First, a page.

Fences soon will be going up around Fountain Park so greener grass can come up later.
A massive overhaul begins this week on the 33-acre recreation area surrounding Fountain Hills’ namesake landmark. Among the improvements will be a new irrigation system, landscaping, 18 disc golf “holes” and a sidewalk along the western lakefront.
The cost could reach almost $1.4 million, with the work is expected to be complete by mid-October.
In the meantime, portions of the park will be barricaded while Tempe-based Valley Rain Construction does its job. The company is bringing two crews of nine workers each, one for irrigation and the other for concrete, to the task.
The closures will take place in three phases: the eastern third by the parking lot comes first, then the northern third and the southern third near Splash Park is last.
“A lot will be happening over this summer,” town recreation supervisor Bryan Hughes told the Town Council on Thursday night. “Fortunately, it’s the best time to do this because it’s the slowest (the park) will be during the year.”
Added Brett Fowler, project manager for Valley Rain, “We’ll do the best we can to keep it open to the public.”
By far the biggest piece of the reconstruction will be the irrigation system.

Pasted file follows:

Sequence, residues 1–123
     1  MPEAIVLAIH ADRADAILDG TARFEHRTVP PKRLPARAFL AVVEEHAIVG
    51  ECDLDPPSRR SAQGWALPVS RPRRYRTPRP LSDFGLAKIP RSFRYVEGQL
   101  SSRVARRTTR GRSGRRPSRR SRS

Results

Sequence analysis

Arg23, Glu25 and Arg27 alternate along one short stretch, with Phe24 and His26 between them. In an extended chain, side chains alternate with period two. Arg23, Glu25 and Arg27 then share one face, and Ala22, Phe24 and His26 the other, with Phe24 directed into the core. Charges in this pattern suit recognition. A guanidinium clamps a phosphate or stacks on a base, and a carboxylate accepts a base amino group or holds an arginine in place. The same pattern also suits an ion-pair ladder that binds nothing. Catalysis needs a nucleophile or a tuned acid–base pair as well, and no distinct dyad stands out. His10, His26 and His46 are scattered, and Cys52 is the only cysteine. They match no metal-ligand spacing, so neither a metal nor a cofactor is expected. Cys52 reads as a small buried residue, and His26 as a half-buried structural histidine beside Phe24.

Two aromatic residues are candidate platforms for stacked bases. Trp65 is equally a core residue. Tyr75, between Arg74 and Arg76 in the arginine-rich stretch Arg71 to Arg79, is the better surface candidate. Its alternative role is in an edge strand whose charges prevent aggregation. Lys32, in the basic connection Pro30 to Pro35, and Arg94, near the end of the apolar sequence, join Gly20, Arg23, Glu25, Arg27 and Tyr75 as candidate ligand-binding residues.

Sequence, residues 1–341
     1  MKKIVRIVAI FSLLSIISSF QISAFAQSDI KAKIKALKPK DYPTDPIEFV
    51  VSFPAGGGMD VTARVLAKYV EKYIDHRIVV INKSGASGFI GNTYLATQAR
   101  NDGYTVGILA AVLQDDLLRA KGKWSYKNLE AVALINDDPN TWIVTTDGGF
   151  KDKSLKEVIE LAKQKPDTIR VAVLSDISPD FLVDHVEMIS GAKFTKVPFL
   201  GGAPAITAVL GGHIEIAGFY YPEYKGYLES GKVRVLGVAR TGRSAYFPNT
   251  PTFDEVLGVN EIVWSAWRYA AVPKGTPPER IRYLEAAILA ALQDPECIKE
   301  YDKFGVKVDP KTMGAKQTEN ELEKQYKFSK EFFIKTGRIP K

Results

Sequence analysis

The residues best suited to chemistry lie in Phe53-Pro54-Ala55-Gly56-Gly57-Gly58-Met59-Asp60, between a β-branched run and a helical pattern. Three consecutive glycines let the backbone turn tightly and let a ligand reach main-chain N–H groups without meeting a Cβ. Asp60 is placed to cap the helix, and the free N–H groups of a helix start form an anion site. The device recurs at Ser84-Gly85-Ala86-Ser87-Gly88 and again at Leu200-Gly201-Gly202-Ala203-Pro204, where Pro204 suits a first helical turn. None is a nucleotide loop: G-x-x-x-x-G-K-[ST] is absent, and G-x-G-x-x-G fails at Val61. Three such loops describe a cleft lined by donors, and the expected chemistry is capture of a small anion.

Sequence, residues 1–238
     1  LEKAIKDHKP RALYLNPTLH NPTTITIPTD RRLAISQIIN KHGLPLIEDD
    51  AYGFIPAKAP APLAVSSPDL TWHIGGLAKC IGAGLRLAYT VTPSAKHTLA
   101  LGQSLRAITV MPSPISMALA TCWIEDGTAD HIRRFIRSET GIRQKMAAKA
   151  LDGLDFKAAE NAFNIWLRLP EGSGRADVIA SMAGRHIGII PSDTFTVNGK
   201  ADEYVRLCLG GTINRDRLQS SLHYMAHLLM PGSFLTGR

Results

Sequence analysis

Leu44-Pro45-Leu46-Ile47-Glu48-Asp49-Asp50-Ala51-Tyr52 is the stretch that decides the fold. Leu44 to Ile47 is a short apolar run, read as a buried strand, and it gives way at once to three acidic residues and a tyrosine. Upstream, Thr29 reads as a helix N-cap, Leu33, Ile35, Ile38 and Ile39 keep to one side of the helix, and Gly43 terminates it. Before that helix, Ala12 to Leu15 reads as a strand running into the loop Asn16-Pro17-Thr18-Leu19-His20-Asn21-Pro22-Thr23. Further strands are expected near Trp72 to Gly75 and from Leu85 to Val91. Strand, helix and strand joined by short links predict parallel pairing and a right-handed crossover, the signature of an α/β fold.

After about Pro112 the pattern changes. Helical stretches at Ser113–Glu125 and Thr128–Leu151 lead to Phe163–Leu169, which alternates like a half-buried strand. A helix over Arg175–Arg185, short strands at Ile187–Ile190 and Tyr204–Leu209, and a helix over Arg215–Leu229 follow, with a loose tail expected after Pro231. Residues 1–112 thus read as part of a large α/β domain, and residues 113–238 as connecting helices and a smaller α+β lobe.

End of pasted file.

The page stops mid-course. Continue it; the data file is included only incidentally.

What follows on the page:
Fountain Park is 37 years old, and the current watering arrangement reflects the age. There were improvements made over the years, but doing so in bits and pieces has built over time something of a Frankenstein’s monster.
“(Fountain Hills) has done a great job keeping this thing together, but it’s just so old,” Fowler said.
Out goes the patchwork system, and in come new lawn rotors and sprays for the turf, plus drip irrigation for trees, shrubs and other ground cover plantings. Also to be installed are a pump station and a computerized control system, complete with a weather station.
“This is going to use the water better,” Fowler said.
At times, there will be more than water coursing through the park’s new veins. Hughes noted there will be a “fertigation” system, in which fertilizer, such as nitrogen, is injected directly into the irrigation.